“Many are the afflictions of the righteous, but the Lord delivers him out of them all.” – Psalm 34:19


“Be still and know that I am God. I will be exalted among the nations. I will be exalted in all the earth.” Psalms 46:10

I’ve been struggling lately with God. At war in the fight between service and rest. Wondering if I even make a difference at all. Trying to figure out what is the point to some of the things I do. Back and forth. Wrestling.

What is it that God wants of me? I’ve heard He just wants me, but how does that fit into planet earth life. I wonder if Abraham ever asked these questions as he gazed into the night time stars thinking of the promise God made him. In Peter and John’s struggles to understand Christ, did they ever ponder such things?

Is my belief just about church life or am I impacting beyond the safety of brick and mortar cross?  Is church a place, people or just a symbol?  I am supposed to go out into the world right?

My insecurities cast doubt on my effectiveness at loving my neighbors. Knock, knock at the door, I’m exhausted and don’t want to answer. Will I have the strength to say “yes” to what they ask? Or the courage to say “no”?

All along, Christ calls to me to sit at His feet and choose what is better.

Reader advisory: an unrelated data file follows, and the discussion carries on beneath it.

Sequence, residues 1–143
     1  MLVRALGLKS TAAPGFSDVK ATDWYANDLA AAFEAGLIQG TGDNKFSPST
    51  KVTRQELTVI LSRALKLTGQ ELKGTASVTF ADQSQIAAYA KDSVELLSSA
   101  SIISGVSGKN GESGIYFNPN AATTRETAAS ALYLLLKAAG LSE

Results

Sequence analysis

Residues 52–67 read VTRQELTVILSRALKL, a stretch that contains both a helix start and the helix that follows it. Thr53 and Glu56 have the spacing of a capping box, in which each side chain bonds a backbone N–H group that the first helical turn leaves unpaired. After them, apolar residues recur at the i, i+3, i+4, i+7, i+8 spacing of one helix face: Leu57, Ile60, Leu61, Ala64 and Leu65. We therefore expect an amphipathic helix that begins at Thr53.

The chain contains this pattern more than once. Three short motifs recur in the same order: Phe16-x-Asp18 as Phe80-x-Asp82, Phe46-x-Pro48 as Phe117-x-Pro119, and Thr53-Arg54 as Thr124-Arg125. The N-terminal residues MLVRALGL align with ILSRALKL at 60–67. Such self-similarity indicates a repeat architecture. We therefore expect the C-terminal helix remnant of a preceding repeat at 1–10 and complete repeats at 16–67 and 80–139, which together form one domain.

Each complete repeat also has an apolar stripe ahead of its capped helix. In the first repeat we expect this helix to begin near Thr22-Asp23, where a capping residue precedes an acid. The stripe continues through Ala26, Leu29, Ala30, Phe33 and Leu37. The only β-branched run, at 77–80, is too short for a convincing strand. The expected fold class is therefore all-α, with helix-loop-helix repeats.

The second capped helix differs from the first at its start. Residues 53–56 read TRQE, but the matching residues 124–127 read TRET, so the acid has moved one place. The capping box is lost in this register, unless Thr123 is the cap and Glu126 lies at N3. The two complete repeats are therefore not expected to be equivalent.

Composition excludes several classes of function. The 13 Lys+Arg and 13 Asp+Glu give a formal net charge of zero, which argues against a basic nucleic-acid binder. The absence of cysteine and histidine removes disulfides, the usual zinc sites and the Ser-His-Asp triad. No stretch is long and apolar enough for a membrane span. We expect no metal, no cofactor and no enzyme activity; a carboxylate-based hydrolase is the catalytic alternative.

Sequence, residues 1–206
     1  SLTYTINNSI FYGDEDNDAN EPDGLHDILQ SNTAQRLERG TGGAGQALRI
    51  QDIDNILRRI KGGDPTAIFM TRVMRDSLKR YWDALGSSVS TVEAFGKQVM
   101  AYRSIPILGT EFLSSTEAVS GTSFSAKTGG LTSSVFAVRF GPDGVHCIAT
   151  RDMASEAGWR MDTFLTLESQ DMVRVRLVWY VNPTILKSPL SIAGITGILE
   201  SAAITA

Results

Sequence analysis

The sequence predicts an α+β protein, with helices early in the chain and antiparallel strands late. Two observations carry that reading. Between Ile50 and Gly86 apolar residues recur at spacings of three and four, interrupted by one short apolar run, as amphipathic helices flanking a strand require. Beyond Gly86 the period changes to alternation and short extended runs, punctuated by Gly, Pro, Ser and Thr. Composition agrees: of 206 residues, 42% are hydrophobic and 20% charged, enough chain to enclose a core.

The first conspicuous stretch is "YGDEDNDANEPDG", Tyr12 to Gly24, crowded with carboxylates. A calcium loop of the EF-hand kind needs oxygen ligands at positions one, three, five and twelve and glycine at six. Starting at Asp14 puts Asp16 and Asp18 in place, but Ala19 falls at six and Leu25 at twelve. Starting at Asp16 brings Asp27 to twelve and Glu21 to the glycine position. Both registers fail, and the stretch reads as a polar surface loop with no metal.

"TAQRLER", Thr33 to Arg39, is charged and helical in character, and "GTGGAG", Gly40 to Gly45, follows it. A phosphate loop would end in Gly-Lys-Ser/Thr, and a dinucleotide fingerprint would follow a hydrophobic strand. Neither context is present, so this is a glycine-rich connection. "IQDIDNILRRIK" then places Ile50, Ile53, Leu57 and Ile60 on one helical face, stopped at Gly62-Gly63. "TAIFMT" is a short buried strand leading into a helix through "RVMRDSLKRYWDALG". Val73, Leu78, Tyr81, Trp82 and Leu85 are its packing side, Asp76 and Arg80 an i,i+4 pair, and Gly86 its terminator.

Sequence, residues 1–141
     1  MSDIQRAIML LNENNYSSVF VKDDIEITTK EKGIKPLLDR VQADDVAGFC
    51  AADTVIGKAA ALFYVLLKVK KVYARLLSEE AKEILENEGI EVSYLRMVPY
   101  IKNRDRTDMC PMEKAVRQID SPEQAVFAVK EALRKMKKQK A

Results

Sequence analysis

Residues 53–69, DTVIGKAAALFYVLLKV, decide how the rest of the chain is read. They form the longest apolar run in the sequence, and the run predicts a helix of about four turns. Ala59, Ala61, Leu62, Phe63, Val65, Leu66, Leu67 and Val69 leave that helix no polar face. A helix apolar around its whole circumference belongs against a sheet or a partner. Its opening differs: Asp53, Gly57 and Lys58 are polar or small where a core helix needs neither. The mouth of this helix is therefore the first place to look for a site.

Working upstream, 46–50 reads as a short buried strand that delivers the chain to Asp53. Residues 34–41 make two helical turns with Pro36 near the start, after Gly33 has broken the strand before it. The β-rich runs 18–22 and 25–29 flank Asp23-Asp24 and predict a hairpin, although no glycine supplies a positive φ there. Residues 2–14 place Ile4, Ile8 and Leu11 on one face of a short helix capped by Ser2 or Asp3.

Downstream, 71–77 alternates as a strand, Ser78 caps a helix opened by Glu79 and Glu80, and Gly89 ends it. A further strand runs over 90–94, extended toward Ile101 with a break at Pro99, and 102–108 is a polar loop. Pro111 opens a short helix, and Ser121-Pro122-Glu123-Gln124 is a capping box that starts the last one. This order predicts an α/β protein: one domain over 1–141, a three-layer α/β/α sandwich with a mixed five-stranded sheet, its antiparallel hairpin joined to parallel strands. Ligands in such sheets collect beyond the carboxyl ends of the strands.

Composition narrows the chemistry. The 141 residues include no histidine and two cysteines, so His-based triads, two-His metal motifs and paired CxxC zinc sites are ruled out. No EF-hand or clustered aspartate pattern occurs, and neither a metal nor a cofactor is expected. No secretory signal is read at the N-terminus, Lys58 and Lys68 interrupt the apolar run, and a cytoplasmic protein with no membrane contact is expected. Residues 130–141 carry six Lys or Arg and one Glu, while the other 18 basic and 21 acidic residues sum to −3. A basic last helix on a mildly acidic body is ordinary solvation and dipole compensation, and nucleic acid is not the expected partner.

“What is better, God?” I ask.

When Jacob wrestled with God in the night was he able to see past his own selfishness and see God’s bigger picture?

Does it matter where I serve as long as I serve?

Why do I even worry about it if believing is all that counts?

All along I hear a whisper asking me to stop. To rest in Him. To trust.  I want to curl up next to Him like I do my husband at night and have him tell me, it is all going to work itself out.

Faith. Believing it will work itself out.

“Breathe, Kysia. Just breathe. I know you long for more, but be still for this moment,” is what I get.

Faith. Believing it will work itself out.

Will I limp, like Jacob when this fight is done or have a thorn like Paul’s?

“Maybe, Kysia. Just rest.”

God, Is it ever enough? This work that I do?

“No. But… I am.”

My Birthday

“Yes, you should rejoice, and I will share your joy.” Philippians 2:18 NLT


This morning I woke to hearing my husband turn off the alarm then reset it for forty-five minutes later. As he climbed back into bed he kissed my cheek and said, “Happy Birthday, Beautiful,” before collapsing back onto his pillow.

Next thing I remember was the smell of cinnamon pecan pancakes and bacon. My daughter had heated the griddle and was preparing breakfast. Her hair in a bun, Ugandan beads around her neck, dressed in her simple black dress and sweater, she held a spatula as she faced the stove; she turned to look at me as I entered the kitchen. “Happy Birthday, Mom! Want some coffee?”

This morning I feel blessed.

Birthdays to me bring moments of reflection.  It’s been a great year, but I just want a moment to reflect on the last two weeks.